What is the difference between escorting and prostitution? The Dayton criminal defense lawyers at Suhre & Associates, LLC discuss everything you need to know in this article. 

In short, prostitution is offering to pay for sex with anything of value. Escorting, on the other hand, refers to paying someone to accompany you to an event or on a date. Escorting does not include sex and is legal.

However, in practice, many prostitutes will disguise themselves as escorts to avoid getting in trouble. Police are aware of this common disguise. If an escort service involves an express or implied agreement to exchange something for sex, the service is illegal prostitution.

According to the Federal Bureau of Justice Statistics, there were 115 arrests for prostitution crimes in Dayton in 2014. This is quite a few arrests, but prostitution is certainly not among the most common crimes in Dayton. 

What is Prostitution in Ohio?

There are many prostitution-related crimes in Ohio. The main prostitution crime is “Soliciting Prostitution,” a violation of Ohio Revised Code Section 2907.24. This statute makes it illegal for any person to “knowingly solicit another to engage in sexual activity in exchange for the person receiving anything of value from the other person.” 

Solicitation is typically how the state prosecutes the “John,” i.e. the client in a prostitution arrest. Police often stake out areas where prostitutes are known to operate and bust everyone involved. Law enforcement may also run a sting operation, in which an officer poses as a prostitute or escort to catch wrongdoers.

The other common prostitution-related charge is “Solicitation to Patronize a Prostitute,” a violation of Ohio Revised Code Section 2907.23, also called “Procuring.” This statute prohibits “knowingly enticing or soliciting another to patronize a prostitute.” Procuring is how the state generally charges the prostitute in a prostitution bust.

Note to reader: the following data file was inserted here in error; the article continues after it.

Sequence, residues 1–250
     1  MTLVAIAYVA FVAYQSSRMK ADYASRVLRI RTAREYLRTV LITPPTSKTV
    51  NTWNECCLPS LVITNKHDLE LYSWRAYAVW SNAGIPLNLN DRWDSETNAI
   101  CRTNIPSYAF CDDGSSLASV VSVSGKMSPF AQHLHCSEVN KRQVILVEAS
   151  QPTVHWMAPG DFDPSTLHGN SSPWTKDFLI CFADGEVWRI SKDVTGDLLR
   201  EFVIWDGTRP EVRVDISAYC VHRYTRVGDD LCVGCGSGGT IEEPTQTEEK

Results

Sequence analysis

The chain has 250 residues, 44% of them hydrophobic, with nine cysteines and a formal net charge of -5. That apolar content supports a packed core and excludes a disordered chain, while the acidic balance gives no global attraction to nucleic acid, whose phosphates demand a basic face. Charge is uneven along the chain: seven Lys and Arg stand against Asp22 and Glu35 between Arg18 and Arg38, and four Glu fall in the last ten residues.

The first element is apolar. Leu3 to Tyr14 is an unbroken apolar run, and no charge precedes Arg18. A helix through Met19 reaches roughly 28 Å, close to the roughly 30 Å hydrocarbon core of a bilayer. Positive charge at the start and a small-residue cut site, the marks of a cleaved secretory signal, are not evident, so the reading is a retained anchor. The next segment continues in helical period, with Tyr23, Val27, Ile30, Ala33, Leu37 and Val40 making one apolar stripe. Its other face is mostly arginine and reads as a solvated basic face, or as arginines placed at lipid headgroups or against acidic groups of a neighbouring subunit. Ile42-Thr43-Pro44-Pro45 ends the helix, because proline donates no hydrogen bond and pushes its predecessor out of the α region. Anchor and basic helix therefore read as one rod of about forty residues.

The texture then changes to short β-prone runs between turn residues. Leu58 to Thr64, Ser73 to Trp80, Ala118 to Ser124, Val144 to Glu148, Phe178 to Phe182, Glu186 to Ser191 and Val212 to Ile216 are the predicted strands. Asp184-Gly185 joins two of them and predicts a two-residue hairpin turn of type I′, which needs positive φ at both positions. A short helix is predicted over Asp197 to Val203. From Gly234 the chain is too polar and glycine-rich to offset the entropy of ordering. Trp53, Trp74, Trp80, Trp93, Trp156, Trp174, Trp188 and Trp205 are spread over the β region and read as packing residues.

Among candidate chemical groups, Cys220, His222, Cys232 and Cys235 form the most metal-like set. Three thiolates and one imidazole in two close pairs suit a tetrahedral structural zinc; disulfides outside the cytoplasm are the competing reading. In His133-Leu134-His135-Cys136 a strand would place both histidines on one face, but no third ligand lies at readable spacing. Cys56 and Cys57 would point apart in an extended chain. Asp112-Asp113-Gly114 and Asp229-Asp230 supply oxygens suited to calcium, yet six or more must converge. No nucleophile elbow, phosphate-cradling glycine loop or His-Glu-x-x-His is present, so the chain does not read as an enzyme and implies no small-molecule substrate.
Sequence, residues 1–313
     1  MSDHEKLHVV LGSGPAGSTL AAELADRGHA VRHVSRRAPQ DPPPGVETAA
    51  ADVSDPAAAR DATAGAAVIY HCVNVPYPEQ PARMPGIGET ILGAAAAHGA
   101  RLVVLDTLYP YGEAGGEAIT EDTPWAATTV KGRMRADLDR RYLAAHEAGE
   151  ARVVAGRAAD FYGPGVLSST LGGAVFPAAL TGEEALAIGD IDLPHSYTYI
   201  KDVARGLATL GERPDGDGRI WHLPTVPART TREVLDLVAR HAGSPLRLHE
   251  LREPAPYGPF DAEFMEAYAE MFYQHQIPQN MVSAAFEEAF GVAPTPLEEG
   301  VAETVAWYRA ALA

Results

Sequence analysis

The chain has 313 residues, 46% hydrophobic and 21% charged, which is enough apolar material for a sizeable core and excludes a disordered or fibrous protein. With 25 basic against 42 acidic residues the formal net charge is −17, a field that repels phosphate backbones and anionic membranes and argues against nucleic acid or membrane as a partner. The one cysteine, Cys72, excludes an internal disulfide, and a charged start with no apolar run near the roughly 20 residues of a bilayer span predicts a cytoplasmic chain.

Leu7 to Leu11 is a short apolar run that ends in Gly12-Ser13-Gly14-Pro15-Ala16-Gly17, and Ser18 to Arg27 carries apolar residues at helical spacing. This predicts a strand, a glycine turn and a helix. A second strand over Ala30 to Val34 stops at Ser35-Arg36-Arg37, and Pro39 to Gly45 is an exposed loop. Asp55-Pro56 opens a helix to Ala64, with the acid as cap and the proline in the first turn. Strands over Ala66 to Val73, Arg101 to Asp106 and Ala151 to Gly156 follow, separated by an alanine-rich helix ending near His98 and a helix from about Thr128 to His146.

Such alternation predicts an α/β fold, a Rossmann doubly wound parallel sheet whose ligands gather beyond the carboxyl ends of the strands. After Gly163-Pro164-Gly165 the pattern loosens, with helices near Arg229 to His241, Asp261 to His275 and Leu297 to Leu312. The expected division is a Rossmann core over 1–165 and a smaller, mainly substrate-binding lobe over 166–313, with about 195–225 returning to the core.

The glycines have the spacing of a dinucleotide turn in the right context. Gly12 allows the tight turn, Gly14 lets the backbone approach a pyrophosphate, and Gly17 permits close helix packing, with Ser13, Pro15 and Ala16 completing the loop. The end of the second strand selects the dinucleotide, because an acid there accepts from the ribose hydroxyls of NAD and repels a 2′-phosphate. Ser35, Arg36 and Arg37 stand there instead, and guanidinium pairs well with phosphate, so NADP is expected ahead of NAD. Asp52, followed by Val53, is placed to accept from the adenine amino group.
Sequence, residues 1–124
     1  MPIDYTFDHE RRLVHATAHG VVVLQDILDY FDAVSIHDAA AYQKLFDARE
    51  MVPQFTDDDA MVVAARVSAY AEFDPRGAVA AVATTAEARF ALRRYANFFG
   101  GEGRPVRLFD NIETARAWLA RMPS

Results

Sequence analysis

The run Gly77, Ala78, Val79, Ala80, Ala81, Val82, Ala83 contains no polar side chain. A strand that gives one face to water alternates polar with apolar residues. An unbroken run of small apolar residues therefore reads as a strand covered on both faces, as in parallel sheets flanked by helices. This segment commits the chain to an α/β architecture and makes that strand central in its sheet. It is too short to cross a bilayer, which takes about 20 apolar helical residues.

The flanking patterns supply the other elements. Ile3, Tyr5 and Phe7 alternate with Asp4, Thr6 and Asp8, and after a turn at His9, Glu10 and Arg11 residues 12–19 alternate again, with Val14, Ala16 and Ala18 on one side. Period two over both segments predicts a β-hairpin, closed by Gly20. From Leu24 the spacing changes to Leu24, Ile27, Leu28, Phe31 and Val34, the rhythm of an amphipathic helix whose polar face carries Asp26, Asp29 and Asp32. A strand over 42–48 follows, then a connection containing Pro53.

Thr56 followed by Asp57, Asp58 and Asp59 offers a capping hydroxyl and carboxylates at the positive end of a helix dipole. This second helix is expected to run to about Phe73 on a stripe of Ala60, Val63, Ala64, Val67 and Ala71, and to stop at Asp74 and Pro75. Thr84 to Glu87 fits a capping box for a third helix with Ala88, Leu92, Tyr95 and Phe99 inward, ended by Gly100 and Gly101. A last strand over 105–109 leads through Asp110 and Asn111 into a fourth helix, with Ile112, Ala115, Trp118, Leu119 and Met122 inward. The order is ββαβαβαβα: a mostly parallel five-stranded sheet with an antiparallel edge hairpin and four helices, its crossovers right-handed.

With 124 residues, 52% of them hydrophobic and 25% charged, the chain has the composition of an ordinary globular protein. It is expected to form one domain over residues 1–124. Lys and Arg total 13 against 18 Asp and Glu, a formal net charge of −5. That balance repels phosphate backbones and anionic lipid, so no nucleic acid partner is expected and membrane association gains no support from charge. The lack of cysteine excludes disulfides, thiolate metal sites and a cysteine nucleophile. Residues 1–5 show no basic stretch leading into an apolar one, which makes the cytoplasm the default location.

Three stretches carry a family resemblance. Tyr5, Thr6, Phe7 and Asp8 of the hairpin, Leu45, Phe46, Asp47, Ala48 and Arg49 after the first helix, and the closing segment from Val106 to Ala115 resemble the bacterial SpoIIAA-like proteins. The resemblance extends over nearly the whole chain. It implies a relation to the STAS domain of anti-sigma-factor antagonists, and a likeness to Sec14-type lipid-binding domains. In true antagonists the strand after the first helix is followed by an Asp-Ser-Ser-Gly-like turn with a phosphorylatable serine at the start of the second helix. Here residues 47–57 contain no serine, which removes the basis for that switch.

What is Escorting in Ohio?

The formal definition of escorting does not involve sex; it only involves paying someone to escort you to an event or on a date, which is not illegal. However, many prostitutes call themselves escorts. Calling themselves an escort does not make illegal activity legal.

Additionally, even an implied agreement or understanding that sex will take place “after” the escort service is complete can be considered prostitution. For instance, if a client pays $3,000 to an escort for a dinner date, they might have an implied agreement for sex. Most dates don’t cost $3,000.

What are the Penalties for Prostitution in Ohio?

The main prostitution charges described above, “Soliciting Prostitution” and “Procuring,” are both punishable as misdemeanors. Soliciting is normally a Third Degree Misdemeanor. This carries a penalty of up to 60 days jail and a $500 fine. 

Procuring is usually a First Degree Misdemeanor. A First Degree Misdemeanor is punishable by up to 180 days jail and a $1,000 fine.

However, the penalties for both Soliciting and Procuring can increase greatly depending on certain factors, including the age of the prostitute and HIV status. These charges can quickly become serious felonies based on the facts of the case. There are other prostitution and human-trafficking-related crimes with severe criminal penalties as well.

We hope this article helped you understand the difference between escorting and prostitution. If you have been accused of a prostitution-related crime, either as a client or as an escort, contact a Dayton criminal defense lawyer. Your attorney will have the resources to build a strong defense and assert all of your constitutional rights. Your future is too important to risk going it alone.